First thing I did was to unpack Mom's ballgown bodice and sort out all the pattern pieces in the file (that took a while as she used two different patterns!). That is when I discovered that it really wasn’t going to be of much help. Mom made a lot of changes to the original pattern and all the changes were marked on the fitting toile, which was thrown away 15 years ago. This ladies and gentlemen is why we trace of "master patterns" when we make changes to a toile. Oh well! It was nice to try on the bodice and at least get an idea of what that would look like on me and where it should hit my shoulder and all that.
So I went back to the Hunnisett pattern. This time around I decided to use it as an actual pattern, enlarge it to the "original" size, sew it up as is and fit from there (as opposed to using it as a base to drape from).
To prep Narcissa for the fitting I padded her up to better match my natural bum roll *ahem*, then laced on my 18th century stays (similar cone shape - kudos to Kendra for the idea!) and added rolls of batting to simulate arms (my thanks to Bess for that idea!). I sewed up the front and back of the toile, leaving the side seams unstitched, and began pinning it on Narcissa. I decided to ignore the neckline for the time being and focus on the fit and seaming of the bodice.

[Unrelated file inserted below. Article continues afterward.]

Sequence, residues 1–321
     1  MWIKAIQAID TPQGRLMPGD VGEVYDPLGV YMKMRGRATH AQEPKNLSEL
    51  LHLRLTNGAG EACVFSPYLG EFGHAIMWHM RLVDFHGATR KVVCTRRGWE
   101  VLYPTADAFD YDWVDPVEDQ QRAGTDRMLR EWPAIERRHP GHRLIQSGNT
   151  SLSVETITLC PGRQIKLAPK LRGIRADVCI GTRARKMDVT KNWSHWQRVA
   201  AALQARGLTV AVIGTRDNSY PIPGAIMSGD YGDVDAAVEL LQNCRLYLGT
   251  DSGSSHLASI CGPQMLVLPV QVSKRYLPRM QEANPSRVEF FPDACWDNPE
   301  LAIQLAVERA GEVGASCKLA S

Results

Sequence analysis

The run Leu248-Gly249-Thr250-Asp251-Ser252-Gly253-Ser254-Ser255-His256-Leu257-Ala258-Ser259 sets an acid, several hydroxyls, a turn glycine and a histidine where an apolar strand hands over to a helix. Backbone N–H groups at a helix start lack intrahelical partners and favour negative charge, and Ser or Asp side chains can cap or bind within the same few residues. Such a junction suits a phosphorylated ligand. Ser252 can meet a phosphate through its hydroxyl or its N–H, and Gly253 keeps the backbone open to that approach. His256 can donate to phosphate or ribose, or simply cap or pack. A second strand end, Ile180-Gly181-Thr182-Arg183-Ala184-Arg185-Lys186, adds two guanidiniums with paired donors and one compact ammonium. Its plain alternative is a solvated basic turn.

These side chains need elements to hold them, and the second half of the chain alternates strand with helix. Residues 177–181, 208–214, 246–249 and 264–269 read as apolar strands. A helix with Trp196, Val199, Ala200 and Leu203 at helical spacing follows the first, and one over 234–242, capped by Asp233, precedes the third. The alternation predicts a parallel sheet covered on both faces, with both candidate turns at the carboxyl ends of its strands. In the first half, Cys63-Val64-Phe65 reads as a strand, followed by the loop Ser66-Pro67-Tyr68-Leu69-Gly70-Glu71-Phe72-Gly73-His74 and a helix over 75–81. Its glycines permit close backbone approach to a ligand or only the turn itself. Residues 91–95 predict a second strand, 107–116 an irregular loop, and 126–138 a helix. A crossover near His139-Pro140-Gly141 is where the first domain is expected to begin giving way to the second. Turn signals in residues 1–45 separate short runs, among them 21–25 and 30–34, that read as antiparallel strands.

Once I got the side seams pinned in I turned my attention to the front seams. I decided I wanted the seaming to match my trimming so I spent a few hours pinning, layering and otherwise playing around with my metallic lace. Thanks to a slim budget my trim is rather narrow so I'm taking inspiration from this painting of Vermeer and using multiple rows of it.
After my experimenting I decided on the slightly higher and more dramatic placement. Mom thought it would be more flattering on me and I thought it was more visually interesting - important since my fabric and trim are simple. I think it knocks my dress back into the 1660s rather than my initial concept of the mid 1670s but it's okay. No biggie!
I then decided to follow the patterning of the 1660s bodice in Bath and create a seam right where the trim is (Waugh shows this) and one that ends where the skirt goes from under the front of the bodice to over the tabs. I then lengthened the toile, using my stays as a guide, so I can add the tabs (which the Hunnisett pattern lacks).
So after marking the heck out of it I took the toile apart and used a combination of the marked toile and my Diderot stays pattern to create new pattern pieces. I then cut and stitched a new toile and this was the result. Wrinkles and bunching in the very front and the side doesn't fit. *sigh*
I decided to tackle one problem at a time and work on the front section first. I decided to try a simple solution and to simply take out the center front seam and cut it on the fold instead. I also cleaned up the curve a bit, with the help of a French curve, and then sewed up the new piece into my toile. You can't see it well in the pic because of the black fabric but it is perfect, not a wrinkle or bunch to be seen. Yay! I hope this works when I go to fir the neckline becasue it looks so pretty here! :P